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Saturday, April 7, 2007

Sorry, you didn’t have cancer: A misdiagnosis story

Suffering from chest pain and difficulty breathing, Muriel Lavallee went to the hospital, and was sent to another hospital. There, doctors drew fluid from around her heart, which the pathologist reported was cancerous. Doctors immediately began chemotherapy, in November 2004. Over the next four months, she was hospitalized five times, spending 42 days in the hospital, with various infections, weakness, and outbreaks of the C. difficile bacterium. She became so ill that the doctor decided to stop the chemotherapy.

A week later, she was shocked to hear, "Sorry, you didn’t have cancer. You can go home now."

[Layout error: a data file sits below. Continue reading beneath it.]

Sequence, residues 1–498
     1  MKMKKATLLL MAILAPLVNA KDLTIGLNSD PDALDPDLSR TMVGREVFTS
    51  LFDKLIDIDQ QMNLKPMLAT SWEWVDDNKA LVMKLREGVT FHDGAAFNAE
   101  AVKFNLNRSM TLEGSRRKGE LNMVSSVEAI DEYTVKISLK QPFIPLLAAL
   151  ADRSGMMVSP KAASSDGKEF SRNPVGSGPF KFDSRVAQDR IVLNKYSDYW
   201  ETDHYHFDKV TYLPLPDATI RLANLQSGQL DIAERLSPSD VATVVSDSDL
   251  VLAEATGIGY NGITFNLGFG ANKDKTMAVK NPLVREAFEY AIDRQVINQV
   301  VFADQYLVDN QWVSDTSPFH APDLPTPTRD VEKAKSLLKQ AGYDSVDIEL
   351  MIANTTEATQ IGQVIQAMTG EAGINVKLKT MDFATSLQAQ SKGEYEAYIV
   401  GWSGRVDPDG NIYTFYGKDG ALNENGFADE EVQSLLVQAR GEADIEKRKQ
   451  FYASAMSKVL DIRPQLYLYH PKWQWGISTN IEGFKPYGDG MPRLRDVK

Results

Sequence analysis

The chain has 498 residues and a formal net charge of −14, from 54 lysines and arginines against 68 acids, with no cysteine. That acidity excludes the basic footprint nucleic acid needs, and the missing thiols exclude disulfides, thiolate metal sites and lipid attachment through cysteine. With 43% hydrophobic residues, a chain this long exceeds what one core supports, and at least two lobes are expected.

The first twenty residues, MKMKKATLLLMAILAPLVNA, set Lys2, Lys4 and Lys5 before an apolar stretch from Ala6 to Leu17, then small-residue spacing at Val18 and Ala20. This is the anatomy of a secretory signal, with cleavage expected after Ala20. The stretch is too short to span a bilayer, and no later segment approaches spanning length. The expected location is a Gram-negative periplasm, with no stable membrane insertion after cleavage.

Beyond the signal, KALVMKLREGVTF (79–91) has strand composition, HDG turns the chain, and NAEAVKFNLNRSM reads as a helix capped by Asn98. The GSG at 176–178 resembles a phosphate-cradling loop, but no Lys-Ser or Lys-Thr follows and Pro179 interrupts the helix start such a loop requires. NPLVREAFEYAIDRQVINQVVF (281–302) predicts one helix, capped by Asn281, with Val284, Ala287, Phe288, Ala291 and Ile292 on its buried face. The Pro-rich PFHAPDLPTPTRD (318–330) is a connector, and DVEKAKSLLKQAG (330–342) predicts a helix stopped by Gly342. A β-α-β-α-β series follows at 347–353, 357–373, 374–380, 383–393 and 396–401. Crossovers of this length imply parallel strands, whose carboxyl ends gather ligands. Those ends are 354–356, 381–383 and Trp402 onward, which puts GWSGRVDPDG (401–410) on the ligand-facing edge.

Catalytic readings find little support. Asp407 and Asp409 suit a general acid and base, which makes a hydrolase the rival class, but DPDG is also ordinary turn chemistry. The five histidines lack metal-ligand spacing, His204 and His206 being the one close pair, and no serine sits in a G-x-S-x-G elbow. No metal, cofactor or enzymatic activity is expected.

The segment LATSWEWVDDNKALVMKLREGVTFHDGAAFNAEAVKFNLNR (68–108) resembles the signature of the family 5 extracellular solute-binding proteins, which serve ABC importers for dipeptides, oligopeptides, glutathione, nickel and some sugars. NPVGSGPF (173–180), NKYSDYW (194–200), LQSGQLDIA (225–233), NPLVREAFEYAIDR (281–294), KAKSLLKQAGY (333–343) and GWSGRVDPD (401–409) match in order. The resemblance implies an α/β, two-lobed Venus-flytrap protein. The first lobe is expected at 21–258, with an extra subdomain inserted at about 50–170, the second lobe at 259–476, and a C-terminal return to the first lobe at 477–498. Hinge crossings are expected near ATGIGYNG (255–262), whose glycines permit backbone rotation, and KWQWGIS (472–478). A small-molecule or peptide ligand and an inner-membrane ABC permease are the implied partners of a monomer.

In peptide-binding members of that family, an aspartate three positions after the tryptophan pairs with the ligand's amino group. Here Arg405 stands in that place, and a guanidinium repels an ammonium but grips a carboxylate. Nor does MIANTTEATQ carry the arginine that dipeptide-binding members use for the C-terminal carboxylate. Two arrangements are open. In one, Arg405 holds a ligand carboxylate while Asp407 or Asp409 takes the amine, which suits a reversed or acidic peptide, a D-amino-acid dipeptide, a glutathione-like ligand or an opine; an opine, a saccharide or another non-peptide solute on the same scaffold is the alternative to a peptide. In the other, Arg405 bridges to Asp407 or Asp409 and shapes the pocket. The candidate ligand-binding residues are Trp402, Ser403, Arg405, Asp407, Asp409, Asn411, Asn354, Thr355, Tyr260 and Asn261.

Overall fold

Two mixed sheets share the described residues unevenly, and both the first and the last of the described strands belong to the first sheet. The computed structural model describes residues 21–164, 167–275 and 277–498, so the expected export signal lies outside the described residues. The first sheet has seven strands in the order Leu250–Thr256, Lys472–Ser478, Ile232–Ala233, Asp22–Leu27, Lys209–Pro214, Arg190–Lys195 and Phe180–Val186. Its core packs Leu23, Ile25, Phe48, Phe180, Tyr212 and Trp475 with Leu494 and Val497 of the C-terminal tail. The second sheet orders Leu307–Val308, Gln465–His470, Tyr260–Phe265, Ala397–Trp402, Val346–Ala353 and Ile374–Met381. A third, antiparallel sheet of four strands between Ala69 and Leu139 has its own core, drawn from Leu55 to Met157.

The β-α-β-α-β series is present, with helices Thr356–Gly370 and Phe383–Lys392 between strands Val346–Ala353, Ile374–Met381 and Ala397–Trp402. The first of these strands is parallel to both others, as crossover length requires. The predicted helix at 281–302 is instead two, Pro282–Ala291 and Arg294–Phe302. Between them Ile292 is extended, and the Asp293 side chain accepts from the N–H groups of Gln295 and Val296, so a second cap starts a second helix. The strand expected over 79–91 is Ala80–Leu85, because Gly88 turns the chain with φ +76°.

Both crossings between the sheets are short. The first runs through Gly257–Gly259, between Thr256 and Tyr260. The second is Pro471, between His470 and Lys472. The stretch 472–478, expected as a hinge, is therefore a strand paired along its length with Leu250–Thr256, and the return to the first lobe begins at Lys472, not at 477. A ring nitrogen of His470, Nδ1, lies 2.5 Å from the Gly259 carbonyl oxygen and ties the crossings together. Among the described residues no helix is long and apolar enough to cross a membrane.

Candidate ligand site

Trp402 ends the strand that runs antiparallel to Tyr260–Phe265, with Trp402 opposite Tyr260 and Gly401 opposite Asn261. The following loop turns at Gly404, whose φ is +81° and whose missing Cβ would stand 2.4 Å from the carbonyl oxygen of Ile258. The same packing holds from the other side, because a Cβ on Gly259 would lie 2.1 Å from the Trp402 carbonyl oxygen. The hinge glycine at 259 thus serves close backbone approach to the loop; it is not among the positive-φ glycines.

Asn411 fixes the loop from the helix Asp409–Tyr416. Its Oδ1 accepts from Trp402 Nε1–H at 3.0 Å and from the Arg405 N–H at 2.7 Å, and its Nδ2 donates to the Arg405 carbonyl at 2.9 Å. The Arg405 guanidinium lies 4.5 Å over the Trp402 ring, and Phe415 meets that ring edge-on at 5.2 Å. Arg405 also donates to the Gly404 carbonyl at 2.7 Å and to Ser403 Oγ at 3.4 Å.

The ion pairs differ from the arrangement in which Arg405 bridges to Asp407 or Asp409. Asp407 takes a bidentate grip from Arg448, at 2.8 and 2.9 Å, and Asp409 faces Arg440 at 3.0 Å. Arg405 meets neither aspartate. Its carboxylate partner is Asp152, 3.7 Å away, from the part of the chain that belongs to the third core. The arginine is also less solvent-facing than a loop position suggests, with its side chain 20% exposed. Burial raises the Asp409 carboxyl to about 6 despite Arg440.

Then 59, she had lost her hair, and a sense of feeling in her hands and legs. Muriel is still suffering the loss of feeling, which prevents her from returning to her job at WalMart. She is seeking $155,000 from the Quebec Superior Court, which is scheduled to hear her lawsuit in July.

Advice to chemo patients: Ask the doctor the false positive rate of the test that showed you have cancer, and consider asking for an independent retest.

Read a cancer advocacy story, or read Dene Moore’s source story in the Toronto Star.

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